Scottish Poetry Selection
- Almae Matres

Andrew Lang (1844 - 1912) was an academic who graduated from both Edinburgh and then Oxford Universities. As well as poetry, he co-wrote a prose translation of Homer's "Odyssey" and the "Iliad" and produced other scholarly books on Homer and his times.

He also published a large number of books of poetry as well as novels and books on Scottish history, including a life of Mary Queen of Scots and one on "James VI and the Gowrie Mystery".

In the poem below, there is no doubt which of his "almae matres" (St. Andrews in 1862 and Oxford in 1865) he prefers!

      Almae Matres

St. Andrews by the Northern Sea,
   A haunted town it is to me!

A little city, worn and grey.
   The grey North Ocean girds it round,
And o'er the rocks, and up the bay,
   The long sea-rollers surge and sound.
And still the thin and biting spray
   Drives down the melancholy street,
And still endure, and still decay,
   Towers that the salt winds vainly beat.
Ghost-like and shadowy they stand
   Dim mirrored in the wet sea-sand.

St. Leonard's chapel, long ago
   We loitered idly where the tall
Fresh-budded mountain ashes blow
   Within thy desecrated wall:
The tough roots rent the tomb below,
   The April birds sang clamorous,
We did not dream, we could not know
   How hardly Fate would deal with us!

O, broken minster, looking forth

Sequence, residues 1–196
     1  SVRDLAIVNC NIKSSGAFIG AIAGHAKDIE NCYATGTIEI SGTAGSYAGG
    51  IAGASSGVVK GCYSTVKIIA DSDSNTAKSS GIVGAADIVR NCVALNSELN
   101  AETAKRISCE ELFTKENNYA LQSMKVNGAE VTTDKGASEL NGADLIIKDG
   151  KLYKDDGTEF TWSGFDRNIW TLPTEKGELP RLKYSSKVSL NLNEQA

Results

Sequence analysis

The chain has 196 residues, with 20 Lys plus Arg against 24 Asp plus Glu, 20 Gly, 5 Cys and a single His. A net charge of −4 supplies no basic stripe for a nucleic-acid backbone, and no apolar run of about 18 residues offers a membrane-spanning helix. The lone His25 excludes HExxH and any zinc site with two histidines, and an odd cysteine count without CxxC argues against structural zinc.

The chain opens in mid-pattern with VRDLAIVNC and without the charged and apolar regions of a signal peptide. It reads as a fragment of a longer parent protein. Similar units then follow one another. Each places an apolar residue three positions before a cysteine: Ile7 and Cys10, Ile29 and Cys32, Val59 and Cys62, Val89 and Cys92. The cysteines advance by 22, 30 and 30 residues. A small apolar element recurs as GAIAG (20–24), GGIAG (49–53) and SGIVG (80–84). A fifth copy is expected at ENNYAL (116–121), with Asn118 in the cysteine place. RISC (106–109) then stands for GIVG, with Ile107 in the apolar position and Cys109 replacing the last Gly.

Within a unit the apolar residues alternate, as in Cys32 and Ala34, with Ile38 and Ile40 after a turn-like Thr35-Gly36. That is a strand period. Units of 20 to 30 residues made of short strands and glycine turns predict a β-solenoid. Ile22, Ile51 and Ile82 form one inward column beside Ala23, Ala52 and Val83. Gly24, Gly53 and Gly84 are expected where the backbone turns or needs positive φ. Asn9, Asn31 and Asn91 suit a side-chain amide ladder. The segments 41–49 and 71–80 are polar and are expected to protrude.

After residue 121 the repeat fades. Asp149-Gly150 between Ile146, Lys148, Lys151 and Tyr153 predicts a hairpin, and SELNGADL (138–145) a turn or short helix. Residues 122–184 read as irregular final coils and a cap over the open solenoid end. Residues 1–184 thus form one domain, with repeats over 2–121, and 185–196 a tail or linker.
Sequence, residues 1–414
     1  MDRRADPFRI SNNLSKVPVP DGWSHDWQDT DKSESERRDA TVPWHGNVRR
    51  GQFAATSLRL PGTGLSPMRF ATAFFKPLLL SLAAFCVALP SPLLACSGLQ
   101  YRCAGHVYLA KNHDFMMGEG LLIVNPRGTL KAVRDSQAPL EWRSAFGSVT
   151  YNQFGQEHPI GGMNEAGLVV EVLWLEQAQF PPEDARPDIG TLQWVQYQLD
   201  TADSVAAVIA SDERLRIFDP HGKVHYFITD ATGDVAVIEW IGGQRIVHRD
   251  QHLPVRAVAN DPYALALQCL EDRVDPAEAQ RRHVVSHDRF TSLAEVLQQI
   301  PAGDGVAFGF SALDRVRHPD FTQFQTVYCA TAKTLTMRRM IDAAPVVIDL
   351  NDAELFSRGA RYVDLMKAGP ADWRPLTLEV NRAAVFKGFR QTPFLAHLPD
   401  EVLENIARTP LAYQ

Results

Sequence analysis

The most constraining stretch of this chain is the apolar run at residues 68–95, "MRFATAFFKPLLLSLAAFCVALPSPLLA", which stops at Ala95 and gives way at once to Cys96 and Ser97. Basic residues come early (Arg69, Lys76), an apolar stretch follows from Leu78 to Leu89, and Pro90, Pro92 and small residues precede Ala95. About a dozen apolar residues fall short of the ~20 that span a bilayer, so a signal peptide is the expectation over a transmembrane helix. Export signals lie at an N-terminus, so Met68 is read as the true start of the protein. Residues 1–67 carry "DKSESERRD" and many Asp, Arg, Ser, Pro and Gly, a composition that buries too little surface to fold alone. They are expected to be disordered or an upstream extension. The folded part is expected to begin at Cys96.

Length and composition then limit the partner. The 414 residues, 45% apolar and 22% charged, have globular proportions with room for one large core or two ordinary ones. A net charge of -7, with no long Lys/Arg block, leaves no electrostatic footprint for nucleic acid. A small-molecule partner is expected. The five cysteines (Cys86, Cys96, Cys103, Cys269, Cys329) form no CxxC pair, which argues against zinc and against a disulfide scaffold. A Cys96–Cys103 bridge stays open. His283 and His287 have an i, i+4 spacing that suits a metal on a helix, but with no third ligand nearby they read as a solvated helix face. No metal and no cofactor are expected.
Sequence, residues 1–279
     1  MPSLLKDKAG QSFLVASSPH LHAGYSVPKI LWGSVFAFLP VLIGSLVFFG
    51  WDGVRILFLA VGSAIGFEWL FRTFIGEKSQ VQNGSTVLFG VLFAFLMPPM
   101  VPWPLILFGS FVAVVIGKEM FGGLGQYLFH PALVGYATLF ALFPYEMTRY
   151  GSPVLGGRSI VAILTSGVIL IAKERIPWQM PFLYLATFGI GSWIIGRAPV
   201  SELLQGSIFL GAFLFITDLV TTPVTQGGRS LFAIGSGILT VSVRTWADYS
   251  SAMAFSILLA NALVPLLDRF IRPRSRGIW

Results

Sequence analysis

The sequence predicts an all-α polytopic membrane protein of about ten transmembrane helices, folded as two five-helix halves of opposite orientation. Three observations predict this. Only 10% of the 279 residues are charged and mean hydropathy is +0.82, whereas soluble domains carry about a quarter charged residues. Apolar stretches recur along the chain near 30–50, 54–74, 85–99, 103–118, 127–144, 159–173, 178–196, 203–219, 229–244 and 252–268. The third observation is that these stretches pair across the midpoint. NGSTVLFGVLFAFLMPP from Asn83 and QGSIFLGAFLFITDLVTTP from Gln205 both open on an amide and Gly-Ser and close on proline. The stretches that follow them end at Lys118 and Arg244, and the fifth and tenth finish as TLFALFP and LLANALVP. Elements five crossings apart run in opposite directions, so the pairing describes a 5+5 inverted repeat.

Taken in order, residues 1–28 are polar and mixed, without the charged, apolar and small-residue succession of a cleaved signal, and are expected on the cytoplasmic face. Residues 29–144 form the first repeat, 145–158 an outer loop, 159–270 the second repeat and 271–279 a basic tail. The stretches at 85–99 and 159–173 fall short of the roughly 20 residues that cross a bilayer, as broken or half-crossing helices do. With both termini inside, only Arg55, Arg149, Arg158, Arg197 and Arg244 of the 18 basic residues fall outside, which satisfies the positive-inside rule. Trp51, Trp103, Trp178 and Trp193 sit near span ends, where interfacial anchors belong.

Beyond the bay, above the town,
O, winter of the kindly North,
   O, college of the scarlet gown,
And shining sands beside the sea,
   And stretch of links beyond the sand,
Once more I watch you, and to me
   It is as if I touched his hand!

And therefore art thou yet more dear,
   O, little city, grey and sere,
Though shrunken from thine ancient pride
   And lonely by thy lonely sea,
Than these fair halls on Isis' side,
   Where Youth an hour came back to me!

A land of waters green and clear,
   Of willows and of poplars tall,
And, in the spring-time of the year,
   The white may breaking over all,
And Pleasure quick to come at call.
   And summer rides by marsh and wold,
And Autumn with her crimson pall
   About the towers of Magdalen rolled;
And strange enchantments from the past,
   And memories of the friends of old,
And strong Tradition, binding fast
   The 'flying terms' with bands of gold,
All these hath Oxford: all are dear,
   But dearer far the little town,
The drifting surge, the wintry year,
   The college of the scarlet gown.
St. Andrews by the Northern Sea,
   That is a haunted town to me!

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